Working with SharePoint data in Backbone.js

In this post we will explore how to work with SharePoint data in a browser based application using the popular Backbone.js library.

SharePoint and Backbone.js

SharePoint 2010 offers 3 APIs which can be used in JavaScript apps:

  • SP Web Services
  • SP Client Side Object Model (CSOM)
  • SP ListData service (ListData.svc)

While Web Services and CSOM provide an wider range of capabilities, ListData is a lightweight RESTful interface offering CRUD access to SharePoint lists and items. It is based on the OData specification.

Backbone.js provides models and collections to work with data on server. Out of the box, models and collections can connect with a RESTful JSON API following common REST conventions. However, to work with the SharePoint ListData interface, some customization is required.

Enter…

Backbone.SharePoint

Backbone.SharePoint is a Backbone.js plugin providing special Models and Collections which you can use to work with SharePoint Items and Lists. You can find Backbone.SharePoint on GitHub.

Backbone.SharePoint allows you to:

  • create, read, update and delete SharePoint items as Backbone models
  • fetch multiple SharePoint items from a list as a Backbone collection
  • support for OData query string options ($orderby, $filter, $select, etc.)
  • custom sync() to communicate with the ListData service
  • partial updates: only changed attributes are sent to the server during an update.

Getting started

Because of the Same Origin Policy, your html file must served from the same domain as the SharePoint site you want to access. You can place your html file containing your app on the server file system or in an asset library.

<!doctype html>
<html>
   ....
<script src="jquery.js"></script>
<!-- you can also use zepto.js -->

<script src="underscore.js"></script>
<script src="backbone.js"></script>
<script src="backbone-sharepoint.js"></script>
  ...

</html>

Examples

Now let’s look at some examples how you can use Backbone.SharePoint. Let’s assume you have a subsite ‘/teamsite’ in which you have created a Contacts list based on the standard contacts list.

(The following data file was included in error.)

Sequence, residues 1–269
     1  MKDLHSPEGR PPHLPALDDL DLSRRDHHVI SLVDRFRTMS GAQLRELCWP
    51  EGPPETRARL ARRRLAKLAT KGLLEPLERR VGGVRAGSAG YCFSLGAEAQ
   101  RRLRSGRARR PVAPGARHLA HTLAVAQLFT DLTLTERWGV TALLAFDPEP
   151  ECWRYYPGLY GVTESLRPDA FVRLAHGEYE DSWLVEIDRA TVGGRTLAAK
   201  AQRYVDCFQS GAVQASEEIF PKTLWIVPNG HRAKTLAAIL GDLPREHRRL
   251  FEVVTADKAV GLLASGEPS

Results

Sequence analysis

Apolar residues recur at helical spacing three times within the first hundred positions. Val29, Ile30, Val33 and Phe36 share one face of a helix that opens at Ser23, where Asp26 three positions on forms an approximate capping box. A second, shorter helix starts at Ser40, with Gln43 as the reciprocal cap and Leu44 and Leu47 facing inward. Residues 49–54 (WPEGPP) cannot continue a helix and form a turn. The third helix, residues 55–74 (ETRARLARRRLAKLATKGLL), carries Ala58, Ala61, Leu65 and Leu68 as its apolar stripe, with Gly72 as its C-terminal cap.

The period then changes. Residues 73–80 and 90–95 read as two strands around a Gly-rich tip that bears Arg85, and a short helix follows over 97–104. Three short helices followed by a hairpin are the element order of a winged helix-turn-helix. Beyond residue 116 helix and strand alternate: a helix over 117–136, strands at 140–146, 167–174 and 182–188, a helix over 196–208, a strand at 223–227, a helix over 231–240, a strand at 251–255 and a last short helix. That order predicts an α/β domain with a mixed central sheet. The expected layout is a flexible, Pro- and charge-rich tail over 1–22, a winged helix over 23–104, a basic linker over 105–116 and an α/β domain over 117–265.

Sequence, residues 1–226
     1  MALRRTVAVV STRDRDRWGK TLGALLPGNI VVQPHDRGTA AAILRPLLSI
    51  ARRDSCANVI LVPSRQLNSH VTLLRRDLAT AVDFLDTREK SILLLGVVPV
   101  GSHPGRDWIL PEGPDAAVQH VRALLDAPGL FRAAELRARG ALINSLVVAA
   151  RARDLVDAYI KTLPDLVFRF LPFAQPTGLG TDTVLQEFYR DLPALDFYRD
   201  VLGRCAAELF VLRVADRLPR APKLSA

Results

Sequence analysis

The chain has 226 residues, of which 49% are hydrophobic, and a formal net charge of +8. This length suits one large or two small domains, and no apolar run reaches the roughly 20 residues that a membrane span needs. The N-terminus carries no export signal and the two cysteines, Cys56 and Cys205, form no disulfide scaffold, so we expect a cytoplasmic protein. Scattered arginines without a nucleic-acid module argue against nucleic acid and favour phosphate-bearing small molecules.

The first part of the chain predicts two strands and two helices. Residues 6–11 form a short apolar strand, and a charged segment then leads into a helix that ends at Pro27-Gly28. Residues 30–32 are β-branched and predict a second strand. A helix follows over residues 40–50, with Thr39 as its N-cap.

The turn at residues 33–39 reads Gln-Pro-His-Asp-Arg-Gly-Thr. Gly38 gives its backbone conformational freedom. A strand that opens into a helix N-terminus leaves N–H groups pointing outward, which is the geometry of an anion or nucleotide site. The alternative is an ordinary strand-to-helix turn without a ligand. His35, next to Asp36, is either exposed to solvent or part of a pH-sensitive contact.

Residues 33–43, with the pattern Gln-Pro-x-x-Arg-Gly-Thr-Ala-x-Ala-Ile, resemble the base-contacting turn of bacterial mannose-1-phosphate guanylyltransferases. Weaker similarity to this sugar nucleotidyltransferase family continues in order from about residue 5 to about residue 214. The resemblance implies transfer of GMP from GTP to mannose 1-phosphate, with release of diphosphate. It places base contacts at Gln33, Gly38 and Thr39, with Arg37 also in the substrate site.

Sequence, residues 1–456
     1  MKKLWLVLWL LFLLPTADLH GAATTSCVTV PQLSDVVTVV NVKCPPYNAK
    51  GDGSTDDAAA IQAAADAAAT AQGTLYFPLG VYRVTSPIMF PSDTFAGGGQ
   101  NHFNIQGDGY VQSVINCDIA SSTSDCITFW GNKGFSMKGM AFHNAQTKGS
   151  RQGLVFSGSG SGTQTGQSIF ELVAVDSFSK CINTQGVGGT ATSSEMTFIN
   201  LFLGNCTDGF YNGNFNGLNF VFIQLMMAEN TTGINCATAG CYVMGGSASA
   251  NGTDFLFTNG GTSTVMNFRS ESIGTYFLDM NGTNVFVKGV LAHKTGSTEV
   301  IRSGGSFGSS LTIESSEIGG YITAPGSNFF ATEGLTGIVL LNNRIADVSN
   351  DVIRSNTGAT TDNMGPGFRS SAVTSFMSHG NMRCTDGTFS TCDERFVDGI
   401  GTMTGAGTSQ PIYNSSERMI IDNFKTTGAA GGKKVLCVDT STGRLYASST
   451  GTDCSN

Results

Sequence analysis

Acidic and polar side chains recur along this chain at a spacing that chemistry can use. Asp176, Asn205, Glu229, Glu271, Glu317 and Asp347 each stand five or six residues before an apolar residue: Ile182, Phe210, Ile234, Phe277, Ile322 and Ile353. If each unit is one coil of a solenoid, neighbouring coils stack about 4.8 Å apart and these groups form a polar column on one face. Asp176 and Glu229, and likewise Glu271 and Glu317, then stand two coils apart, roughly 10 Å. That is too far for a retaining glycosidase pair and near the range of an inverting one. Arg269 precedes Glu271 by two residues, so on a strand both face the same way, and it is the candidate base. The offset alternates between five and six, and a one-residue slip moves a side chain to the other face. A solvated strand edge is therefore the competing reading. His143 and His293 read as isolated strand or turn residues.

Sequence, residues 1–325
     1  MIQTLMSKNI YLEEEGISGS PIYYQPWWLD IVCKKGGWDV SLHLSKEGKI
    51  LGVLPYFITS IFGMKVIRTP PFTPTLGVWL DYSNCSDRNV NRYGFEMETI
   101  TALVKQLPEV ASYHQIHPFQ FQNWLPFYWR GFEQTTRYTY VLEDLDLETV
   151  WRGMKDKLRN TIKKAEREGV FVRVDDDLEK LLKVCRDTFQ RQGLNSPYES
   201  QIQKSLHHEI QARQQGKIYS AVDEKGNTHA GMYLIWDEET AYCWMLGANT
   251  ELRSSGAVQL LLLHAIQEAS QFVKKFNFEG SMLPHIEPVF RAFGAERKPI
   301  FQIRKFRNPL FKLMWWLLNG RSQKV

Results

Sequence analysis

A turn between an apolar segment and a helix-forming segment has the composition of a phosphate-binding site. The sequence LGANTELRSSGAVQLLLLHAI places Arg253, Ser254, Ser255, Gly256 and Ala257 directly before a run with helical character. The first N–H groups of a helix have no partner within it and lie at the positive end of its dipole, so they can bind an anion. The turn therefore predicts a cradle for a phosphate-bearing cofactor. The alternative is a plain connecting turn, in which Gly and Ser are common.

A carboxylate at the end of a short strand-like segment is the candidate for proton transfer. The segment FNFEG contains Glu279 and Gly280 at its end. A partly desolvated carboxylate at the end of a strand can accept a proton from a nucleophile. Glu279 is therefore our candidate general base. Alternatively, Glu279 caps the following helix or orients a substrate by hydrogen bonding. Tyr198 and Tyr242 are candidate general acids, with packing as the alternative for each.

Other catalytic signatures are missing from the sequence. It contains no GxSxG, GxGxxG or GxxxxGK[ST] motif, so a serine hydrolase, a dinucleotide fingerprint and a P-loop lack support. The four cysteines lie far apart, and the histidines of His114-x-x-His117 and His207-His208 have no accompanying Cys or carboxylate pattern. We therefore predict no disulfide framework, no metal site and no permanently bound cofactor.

// You define a Contact Model for items by extending Backbone.SP.Item
// Required parameters are the SharePoint site and the name of the list

var Contact = Backbone.SP.Item.extend({
    site: '/teamsite',
    list: 'Contacts'
})

// Create a new contact, the attributes refer to item column names.
// Please note capitals. We follow SharePoint columnnames
var contact = new Contact({ LastName: "Davis" });

// At this point we have a new contact model, but is not saved to the server,
// so let's save it to the server.
contact.save();

  ....

// Update the attributes of the Item:
contact.set({FirstName: "John"});
contact.save(); 

  ...

// Finally, to remove an item:
contact.destroy();

Working with SharePoint lists is similar to collections.

// you can define a SP List by refering to the model
var Contacts = Backbone.SP.List.extend({
    model: Contact
})

// create a list
var contacts = new Contacts;

// get contacts list from the server
contacts.fetch()

// the fetch options allow you to use query options
// for example, the request below will fetch
// only the LastName and FirstName columns
// for item 11..15 when ordered descending by LastName
contacts.fetch({
    select: 'LastName, FirstName',
    orderby: 'LastName desc',
    top: 5,
    skip:10
})

   ....

// This is how you can create a new contact,
// save it to the server and add it to the list (collection)
contacts.create({
    LastName: "Peel",
    FirstName: "Emma"
})

Hopefully this is sufficient to get you going!

Welcome

Welcome to … And All That JS, a blog about JavaScript application development. I plan to write about JavaScript techniques and list useful resources on the internet.

The blog’s title refers to the expression “… and all that jazz”, meaning “and everything else” which kind of fits the combined use of JavaScript, CCS and HTML in web app development.

 

I hope you enjoy and look forward to your comments!